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Impossible Views of the World by Lucy Ives

Impossible Views of the World

Impossible Views of the World by Lucy Ives
Hardcover
Aug 01, 2017 | 304 Pages
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    Aug 01, 2017 | 304 Pages

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    Aug 01, 2017 | 304 Pages

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Praise

“An art historical mystery that will interest fans of Donna Tartt’s The Goldfinch, with a narrator equal parts intellectual, ironic, and cool…Scintillating…A diversion and a pleasure, this novel leaves you feeling smarter and hipper than you were before.” — Kirkus Reviews (starred)

“Stella is like Hannah Horvath from Girls—smart, with an equal tendency toward snark and introspection—living in From the Mixed-Up Files of Mrs. Basil E. Frankweiler. The novel sends up the museum world, with pretentious art folks courting corporate dollars and the usual office politics, but maintains a sense of something larger, even magical, working in the background.”
Booklist 

“The charm and energy of Impossible Views of the World rest in Ives’s uncanny eye for the subtle tells of romance, the idiosyncrasies of the NYC young, and the details of 19th-century furniture and art…A clever curatorial mystery, a love-gone-wrong rom-com or a sharp-witted story of a young New York woman, Impossible Views of the World is way more fun than a rainy afternoon in the American Objects wing of a cavernous museum.” —Shelf Awareness

[A] smart and singular debut novel…Ives maximizes her story’s humor with subtlety; a line here and there is enough to call attention to the absurdity of, for instance, the museum’s corporate benefactor’s attempt to secure the world’s water rights. She also isn’t afraid to make her heroine unlikable, which works in the novel’s favor…odd and thoroughly satisfying.” — Publishers Weekly 

“I first knew Lucy Ives’s work as a poet, and to have her prose is a gift, too. The detailed novel she’s built with such authenticity, wit, and feeling is remarkable for its vitality, insights, and lyrical view of a changing world.” — Hilton Als, Pulitzer Prize-winning author of White Girls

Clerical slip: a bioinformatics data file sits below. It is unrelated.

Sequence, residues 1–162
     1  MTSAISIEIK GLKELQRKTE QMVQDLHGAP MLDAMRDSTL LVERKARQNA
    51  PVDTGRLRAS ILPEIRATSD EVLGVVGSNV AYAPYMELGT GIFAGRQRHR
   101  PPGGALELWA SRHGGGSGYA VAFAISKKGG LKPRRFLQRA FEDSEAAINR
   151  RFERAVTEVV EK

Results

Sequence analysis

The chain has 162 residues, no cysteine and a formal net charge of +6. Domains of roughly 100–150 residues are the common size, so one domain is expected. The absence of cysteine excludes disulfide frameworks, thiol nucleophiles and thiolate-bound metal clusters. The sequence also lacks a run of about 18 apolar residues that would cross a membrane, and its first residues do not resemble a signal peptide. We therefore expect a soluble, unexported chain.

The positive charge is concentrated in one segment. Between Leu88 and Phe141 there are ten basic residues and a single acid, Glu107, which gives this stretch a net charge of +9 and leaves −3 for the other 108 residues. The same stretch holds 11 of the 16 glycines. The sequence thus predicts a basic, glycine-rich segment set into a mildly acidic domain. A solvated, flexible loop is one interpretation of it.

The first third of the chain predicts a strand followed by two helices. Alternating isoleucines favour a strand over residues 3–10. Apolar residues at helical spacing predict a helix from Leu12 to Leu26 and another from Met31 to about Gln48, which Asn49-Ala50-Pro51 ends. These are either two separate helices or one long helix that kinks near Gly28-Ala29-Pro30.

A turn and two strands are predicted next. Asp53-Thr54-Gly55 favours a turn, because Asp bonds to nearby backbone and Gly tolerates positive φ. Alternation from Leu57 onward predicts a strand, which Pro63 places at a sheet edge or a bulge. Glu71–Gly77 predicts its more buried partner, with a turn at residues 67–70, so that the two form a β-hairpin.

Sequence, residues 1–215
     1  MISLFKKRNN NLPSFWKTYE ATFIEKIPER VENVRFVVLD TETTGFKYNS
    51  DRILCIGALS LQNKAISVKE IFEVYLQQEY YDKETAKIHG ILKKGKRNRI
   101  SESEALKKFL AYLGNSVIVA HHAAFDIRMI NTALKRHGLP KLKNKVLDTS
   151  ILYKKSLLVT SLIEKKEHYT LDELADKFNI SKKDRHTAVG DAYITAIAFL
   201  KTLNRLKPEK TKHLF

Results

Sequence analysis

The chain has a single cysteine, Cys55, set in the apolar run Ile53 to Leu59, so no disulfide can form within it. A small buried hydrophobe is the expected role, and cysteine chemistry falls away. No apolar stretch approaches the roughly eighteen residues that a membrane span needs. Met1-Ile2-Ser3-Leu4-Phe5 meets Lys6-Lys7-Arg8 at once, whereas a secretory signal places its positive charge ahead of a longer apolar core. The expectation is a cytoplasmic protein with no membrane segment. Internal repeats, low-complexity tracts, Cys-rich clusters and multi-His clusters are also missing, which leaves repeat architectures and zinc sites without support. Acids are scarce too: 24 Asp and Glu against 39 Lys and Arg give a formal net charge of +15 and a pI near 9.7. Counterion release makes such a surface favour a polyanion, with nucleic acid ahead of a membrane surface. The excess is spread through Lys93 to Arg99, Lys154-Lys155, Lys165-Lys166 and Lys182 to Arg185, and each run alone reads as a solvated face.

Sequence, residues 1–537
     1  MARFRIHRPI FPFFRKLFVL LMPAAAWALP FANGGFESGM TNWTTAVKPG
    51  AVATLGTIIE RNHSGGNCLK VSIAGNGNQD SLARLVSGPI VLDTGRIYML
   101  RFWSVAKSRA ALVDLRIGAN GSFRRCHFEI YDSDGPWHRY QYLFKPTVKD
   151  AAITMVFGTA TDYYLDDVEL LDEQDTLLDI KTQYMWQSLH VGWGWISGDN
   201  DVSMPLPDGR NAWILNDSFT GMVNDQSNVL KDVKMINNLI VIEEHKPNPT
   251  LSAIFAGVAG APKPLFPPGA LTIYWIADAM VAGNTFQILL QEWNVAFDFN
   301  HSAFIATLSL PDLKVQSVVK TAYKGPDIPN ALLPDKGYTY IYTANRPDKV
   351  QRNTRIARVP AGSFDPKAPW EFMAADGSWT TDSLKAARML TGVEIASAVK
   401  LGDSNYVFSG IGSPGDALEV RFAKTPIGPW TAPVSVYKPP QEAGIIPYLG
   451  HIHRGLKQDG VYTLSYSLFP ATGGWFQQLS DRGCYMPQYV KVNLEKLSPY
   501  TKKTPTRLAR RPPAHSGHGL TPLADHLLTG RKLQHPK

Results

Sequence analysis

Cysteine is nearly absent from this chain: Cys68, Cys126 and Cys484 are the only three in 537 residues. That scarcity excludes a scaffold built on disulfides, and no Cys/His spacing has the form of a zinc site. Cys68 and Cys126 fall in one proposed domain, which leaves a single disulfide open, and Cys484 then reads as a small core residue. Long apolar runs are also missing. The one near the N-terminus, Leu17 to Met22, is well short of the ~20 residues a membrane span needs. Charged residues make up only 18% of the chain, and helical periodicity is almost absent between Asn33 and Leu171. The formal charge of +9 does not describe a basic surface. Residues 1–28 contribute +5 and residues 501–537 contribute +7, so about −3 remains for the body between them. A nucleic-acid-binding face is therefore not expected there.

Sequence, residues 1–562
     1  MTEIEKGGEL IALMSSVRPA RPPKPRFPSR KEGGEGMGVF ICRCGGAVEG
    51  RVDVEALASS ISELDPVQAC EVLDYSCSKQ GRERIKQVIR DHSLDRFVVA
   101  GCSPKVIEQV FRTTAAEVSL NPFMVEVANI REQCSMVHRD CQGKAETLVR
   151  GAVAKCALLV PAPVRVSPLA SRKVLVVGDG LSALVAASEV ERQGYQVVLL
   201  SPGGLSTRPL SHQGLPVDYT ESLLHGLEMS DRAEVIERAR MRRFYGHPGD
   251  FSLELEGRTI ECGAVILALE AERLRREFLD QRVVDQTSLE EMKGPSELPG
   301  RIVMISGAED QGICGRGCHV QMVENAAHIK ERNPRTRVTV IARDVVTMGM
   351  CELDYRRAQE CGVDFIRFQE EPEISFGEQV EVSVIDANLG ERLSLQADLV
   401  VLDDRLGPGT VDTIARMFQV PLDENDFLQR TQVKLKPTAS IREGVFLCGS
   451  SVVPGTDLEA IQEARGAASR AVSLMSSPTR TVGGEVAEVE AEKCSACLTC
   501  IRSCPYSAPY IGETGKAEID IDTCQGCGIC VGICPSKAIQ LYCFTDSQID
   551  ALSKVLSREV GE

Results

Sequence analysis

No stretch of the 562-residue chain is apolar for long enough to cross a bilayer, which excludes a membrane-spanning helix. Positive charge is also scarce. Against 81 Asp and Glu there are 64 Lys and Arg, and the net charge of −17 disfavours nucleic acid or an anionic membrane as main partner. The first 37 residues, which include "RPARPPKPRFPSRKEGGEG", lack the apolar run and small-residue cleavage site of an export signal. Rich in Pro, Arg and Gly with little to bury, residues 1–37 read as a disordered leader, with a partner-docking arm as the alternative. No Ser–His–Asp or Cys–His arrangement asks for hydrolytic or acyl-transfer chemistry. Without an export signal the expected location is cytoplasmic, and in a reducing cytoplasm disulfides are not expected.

“This book was written by a rampaging, mirthful genius. It stands before me like a runestone, magical, mysterious—an esoteric juggernaut masquerading as a ‘debut novel.’ During the days I spent reading it, I said goodbye to all else.” — Elizabeth McKenzie, author of The Portable Veblen

“There are abundant pleasures to be found in Lucy Ives’s debut novel about art curation, corporate control, and utopia (among many other subjects and digressions), but the best is the poetic, elegant intelligence of its narration, vocalized by Stella Krakus, whose every sentence wryly climbs from the ridiculous to the sublime.”  — Teddy Wayne, author of Loner and The Love Song of Jonny Valentine

“Lucy Ives, a deeply smart and painstakingly elegant writer, wins the prize with this intricate, droll, stylish book—at once a mystery novel, a romantic comedy, a tricky essay on aesthetics, an exposé of art-world foibles, and a diary of emotional distress.  With sharp phrases, uncanny plot-turns, and mise-en-abymes galore, this mesmerizing tale radiates the haute irreality of Last Year at Marienbad and the dreamy claustrophobia of The Mixed-Up Files of Mrs. Basil E. Frankweiler, this time for adults only.” —Wayne Koestenbaum, author of My 1980s and Other Essays

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